Thursday, August 28, 2008

The Uniqueness of Every Child

I’m mesmerized by the teamwork I see in the Olympic diving teams. The precision of pairs of young women who seem to know not only what their bodies are doing spinning in space, but manage to keep perfectly in sync with their diving partners. I think to myself, if a human being can accomplish this feat, who knows what else we can do.

I look at the girls on the Olympic swimming teams, grateful for the world that they found their talents and passion. We are all the richer for their dedication and talent.

I think about all children. I think that every child is unique and each is born with his/her own particular set of strengths and talents. But I see that most children never get a chance to discover their gifts and miss their calling. I wonder what our world would be like if everyone found their talents…what a different world it would be! There would be so much more inner peace. People who are living their passions tend to be more content, more compassionate, and more willing to create a better world.

So, what happens to most of us? We lose our way. We either lose or never had the opportunity to connect to our gifts. In fact, if our schools focused on helping each child find their gifts and talents, we would have a whole different world. No more angry adolescents…kids who graduate high school, or even college, not knowing who they are or what they love to do…kids who do not know how to create in the real world.

So if our schools are not able to help our children connect to their passions, we must. As parents we must help our children find, develop and sustain their interests, skills and talents. We must help them ignite the passion that leads to their own unique brilliance. We owe it to them and we owe it to our world.

Tuesday, August 26, 2008

Success Can Be as Simple as Staying in the Moment

Four years ago, the Olympics came and went in my life. Nothing to phone home about.
This time, however, it was quite different. It captured me. I listened as the moderators talked about not just the physical, but also the mental and emotional preparation of the athletes. This Olympics, for me, was full of lessons and metaphors and heart.

But one lesson sticks out more than the rest. One of our girls on the gymnastic team did not fair so well. On her first event on the beam, she fell. It was a difficult maneuver and she didn’t quite make it. But other gymnasts had also taken tumbles and come up with medals. Here was her mistake. On the second competition, according to the moderators, she brought her feelings of insecurity from the first experience into the second event and, as a result, tripped over something really simple. On the third event, the moderator said that our athlete had to ‘stay in the moment’ to succeed. If she wanted to stay in the running, she had to drop her experience from the first two events and not carry it into the third. She had to be fully alert and aware. Being distracted by reliving her feelings and memories about the two prior mistakes could only take her away from the moment and contribute to failure.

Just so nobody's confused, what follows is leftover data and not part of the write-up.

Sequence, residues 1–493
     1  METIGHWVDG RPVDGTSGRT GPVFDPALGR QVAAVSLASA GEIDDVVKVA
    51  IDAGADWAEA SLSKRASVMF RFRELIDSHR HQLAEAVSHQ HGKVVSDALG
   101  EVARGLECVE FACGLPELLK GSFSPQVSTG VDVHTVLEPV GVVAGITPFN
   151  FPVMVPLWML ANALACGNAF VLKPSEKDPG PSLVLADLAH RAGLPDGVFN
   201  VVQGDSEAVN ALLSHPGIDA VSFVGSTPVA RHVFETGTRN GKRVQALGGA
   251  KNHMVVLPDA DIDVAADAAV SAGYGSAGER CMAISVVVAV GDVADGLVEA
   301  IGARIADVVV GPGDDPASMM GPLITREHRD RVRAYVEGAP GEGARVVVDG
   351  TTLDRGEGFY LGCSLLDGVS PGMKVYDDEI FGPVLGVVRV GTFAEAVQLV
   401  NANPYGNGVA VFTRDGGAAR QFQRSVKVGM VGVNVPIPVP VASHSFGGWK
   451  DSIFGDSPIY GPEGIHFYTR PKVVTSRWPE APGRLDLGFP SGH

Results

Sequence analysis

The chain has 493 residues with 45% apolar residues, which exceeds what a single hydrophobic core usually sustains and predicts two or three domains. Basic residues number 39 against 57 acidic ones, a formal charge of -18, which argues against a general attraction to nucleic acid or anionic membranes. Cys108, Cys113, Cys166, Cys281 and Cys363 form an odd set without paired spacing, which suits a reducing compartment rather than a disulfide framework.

I thought about the application of ‘staying in the moment.’ I thought about all our school children who carry feelings of insecurity and incompetence forward, into the next lesson, the next semester, the next year, and into adult life. (I thought about how nice it would be if schools actively built on a child’s successes, not his failures). But in the meantime, I wonder what would happen if schools helped each child wipe their slates clean…if they didn’t average a child’s grades together…if they said to them, the problem you had with math happened LAST week. Now, let’s start over.

I wonder what would happen if along with physical education classes, we had mental education classes? What would happen if we learned early on to be conscious of our thoughts and feelings? Maybe then we could truly stay in the moment and succeed at the tasks at hand.